Tuesday, September 29, 2009

Polanski: "The Balance Sheet Paradox" Redux

Figured this post became topical again...though unfortunately, this post seems to get topical every few days...

"Do the things you do in life that are extremely awesome "balance out" the things you do in life that are extremely not awesome?"


"Can we have and approve both: the sacred and the profane in the same person, good and bad wrapped up in equal measures? Can we love the good and ignore or condemn the bad? Or are there certain absolutes or lines that, once crossed, stains every other act?"

As for the Roman Polanski case itself, I'm not getting into an online debate with anybody on it regarding the pros and cons, because if I had to guess there's at least one person out there who would wear themselves out telling me that I'm categorically wrong. But feel free to discuss amongst yourselves. EDIT: and feel free to use the grand jury testimony.

"Forget it, Jake. It's Chinatown."


  1. The paradox is considering whether or not his 30-plus years on the lam is the same as his being in a 4x4 prison cell for however many years he was facing on the statutory rape and drug charges.

    The problem is that during those 30-plus years, you can't argue that Polanski truly suffered in any way: true, he couldn't visit places like England or the U.S. for fear of extradition, but he lived comfortably in France and was able to visit and cohabit in Poland all the time. He was also able to continue film-making during that period, especially films for American consumption (Frantic and Ninth Gate come to mind).

    When it comes down to it, Polanski rejected the justice system when he fled, and refused to accept accountability where it was due. If his victim has forgiven him, that's good for her. But he still needs to answer for 1) what he did to her and 2) for his flight from justice.

  2. Was able to walk in public as a free man? Check.

    Was able to enjoy creature comforts in his own house? Check.

    Was able to continue his livelihood? Check.

    His life on the lam was comparable to prison how exactly?

  3. There is one point that has gotten missed here. The reason Polanski fled was not to evade prosecution. He pled guilty. A deal for a reduced sentence had already been agreed upon. Then, as recent reports have it, the judge was overheard saying that he was going to make an example of Polanski and drastically increase the sentence. Somehow this got back to Roman and he decided to flee rather than submit to an apparant injustice.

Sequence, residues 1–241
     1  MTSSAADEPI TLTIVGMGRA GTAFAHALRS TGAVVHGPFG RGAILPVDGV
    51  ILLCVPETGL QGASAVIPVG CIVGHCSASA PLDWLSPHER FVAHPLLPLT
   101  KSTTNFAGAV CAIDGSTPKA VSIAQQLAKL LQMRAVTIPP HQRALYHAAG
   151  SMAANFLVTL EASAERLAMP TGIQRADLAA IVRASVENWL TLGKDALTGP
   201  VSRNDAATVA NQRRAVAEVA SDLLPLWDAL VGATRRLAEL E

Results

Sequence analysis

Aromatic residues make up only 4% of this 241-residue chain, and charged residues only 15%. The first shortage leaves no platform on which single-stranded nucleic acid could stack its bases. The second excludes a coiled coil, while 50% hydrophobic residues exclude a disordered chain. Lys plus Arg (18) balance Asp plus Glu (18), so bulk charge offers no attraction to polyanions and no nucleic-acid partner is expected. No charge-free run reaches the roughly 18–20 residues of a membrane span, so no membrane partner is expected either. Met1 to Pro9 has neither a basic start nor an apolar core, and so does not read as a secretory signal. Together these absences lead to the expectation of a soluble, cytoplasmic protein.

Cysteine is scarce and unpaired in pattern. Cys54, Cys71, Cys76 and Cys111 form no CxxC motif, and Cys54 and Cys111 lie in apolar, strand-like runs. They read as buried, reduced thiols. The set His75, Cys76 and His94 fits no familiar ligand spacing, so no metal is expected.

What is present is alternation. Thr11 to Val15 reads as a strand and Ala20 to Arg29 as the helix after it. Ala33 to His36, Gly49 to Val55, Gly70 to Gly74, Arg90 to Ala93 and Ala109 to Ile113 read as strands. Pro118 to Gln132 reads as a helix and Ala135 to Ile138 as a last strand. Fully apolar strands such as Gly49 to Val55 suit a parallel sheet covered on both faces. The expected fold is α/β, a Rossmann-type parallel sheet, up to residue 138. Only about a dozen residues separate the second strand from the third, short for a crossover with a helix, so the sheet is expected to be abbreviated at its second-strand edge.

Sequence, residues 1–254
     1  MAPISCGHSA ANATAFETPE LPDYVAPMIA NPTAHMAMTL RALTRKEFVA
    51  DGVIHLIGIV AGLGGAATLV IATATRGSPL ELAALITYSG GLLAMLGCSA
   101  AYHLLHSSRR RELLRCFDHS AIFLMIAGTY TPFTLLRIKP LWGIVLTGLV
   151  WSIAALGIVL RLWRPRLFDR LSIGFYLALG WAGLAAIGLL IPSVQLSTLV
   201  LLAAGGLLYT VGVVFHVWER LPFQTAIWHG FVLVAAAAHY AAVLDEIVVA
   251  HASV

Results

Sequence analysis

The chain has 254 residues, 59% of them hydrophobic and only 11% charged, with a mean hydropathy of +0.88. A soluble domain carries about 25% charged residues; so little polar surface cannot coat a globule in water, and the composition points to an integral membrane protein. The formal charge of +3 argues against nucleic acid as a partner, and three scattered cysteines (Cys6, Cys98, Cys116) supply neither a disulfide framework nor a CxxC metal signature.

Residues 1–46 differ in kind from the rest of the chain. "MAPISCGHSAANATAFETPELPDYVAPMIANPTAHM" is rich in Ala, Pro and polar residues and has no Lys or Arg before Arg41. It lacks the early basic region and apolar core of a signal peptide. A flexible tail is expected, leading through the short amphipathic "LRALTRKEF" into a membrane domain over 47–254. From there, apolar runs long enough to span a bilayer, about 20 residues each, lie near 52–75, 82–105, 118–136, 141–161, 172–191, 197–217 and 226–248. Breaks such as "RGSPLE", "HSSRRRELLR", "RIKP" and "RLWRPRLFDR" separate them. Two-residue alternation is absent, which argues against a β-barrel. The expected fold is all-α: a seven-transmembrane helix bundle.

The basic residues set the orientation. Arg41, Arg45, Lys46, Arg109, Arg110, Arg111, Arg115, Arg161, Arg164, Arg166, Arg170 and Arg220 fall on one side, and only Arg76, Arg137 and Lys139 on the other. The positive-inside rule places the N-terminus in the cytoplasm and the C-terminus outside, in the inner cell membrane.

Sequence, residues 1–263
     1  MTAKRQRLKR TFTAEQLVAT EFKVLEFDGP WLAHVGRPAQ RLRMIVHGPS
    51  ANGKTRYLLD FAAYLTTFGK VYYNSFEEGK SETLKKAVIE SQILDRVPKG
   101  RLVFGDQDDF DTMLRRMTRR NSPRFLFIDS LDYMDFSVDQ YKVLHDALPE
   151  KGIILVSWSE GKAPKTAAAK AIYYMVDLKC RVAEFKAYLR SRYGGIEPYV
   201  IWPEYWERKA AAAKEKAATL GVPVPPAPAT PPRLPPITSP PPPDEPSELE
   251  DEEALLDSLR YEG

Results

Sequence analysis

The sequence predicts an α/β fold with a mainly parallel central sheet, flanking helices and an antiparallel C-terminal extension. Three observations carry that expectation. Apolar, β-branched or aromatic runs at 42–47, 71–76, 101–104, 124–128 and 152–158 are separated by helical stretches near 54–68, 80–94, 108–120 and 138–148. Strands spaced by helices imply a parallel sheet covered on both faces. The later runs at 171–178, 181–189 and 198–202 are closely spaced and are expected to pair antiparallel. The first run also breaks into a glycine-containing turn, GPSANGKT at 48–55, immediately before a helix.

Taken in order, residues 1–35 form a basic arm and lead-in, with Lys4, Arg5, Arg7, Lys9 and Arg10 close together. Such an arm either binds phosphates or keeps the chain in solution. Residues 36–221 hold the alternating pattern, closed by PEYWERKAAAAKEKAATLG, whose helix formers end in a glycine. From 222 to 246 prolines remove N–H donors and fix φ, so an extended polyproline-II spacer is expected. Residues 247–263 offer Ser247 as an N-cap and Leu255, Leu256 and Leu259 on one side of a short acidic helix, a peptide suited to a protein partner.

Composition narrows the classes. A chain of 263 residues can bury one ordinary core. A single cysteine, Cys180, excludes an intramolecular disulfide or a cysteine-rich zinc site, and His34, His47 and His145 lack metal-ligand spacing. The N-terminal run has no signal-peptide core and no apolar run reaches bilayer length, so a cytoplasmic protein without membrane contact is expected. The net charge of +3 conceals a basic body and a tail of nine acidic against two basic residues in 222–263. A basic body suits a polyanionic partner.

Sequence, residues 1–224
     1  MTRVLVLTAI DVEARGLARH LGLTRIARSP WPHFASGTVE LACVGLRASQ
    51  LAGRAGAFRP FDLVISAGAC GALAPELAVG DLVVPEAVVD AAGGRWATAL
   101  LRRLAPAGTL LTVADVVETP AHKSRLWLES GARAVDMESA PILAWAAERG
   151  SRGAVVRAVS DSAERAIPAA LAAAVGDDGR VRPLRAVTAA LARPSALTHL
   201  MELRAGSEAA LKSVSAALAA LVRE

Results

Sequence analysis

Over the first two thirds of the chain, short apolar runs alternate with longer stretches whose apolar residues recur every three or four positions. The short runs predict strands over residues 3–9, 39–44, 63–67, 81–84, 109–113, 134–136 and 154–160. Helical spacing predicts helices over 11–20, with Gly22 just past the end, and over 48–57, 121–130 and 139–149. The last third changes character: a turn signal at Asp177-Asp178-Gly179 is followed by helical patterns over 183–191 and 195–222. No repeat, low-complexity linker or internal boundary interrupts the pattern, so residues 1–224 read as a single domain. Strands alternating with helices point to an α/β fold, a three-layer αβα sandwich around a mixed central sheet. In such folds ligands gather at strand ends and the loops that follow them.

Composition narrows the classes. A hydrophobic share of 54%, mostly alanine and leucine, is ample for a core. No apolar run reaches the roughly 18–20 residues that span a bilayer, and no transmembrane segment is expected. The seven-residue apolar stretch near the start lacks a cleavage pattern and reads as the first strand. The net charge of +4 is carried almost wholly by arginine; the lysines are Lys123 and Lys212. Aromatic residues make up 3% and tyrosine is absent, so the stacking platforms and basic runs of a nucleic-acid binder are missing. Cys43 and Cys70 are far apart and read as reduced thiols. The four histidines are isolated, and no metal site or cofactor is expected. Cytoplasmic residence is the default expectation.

Who wouldn't at least consider flight, especially if you have some means and somewhere safe to flee? I'm not saying he should be free, all charges dropped and sorry-for-all-that-mess. He should return to the US and serve out the original, agreed upon sentence. If the law provides for an additional penalty for flight, then perhaps he should serve that too. However, no judge should be allowed to go back on a deal that all parties had agreed upon.

    If the question is "does making good, or even great art absolve the artist from being a schmuck?" I say no. A schmuck is still a schmuck, regardless of the relative merits of their creations.

  4. I get the idea of the paradox and with Michael Jackson it was muddied by his lack of a conviction. More then likely if you thought he was guilty, then your opinion in the regard was he didn't "balance" his sheet but that discussion could go in circles for a while.

    In this case though, its seems clear cut. He was convicted, he fled. Creating "art" doesn't change the fact that he never served his time.

    Who I feel bad though is his victim. Her life has been torn asunder all over again. Once again she has relive the experience over and over. Once again, she is "famous" for being his victim and doesn't have the privacy that she likely worked hard to build. No matter how this falls (for or against Polanski), her life has been disrupted in a massive way once again and will be at least a few more times (after all the litigation on his status, if he goes to jail and gets out, and whenever he dies). So she sadly will have to deal with this all over again at least three more times.

  5. To risk invoking Godwin's Law, I can think of a reputedly great orator . . . And wait, we're still locking up people who followed his orders despite the fact that they're older than Polanski. They've been "living in exile" too. Justice is Justice, and those statues wear a blindfold for just this reason.

    Someone's talent doesn't negate the morality of their actions. The fact that someone is a brilliant director doesn't change the fact that he's a scumbag child rapist and fugitive from justice. Of course, the fact that someone is a scumbag doesn't change the fact that they're talented either. So, let him keep his oscar and lock him up.

    Funny how Hollywood wasn't so forgiving of Elia Kazan, and all he did was cave under pressure and name a few names to the HUAC. And Kazan had a far greater impact on the arts than Polanski ever will. Hypocrites.

  6. I'm wondering what Jack Nicholson's role in this all is... If he was aware that there was topless photo taking of a 13-year old, then wouldn't he be aiding & abetting (or whatever it's called)?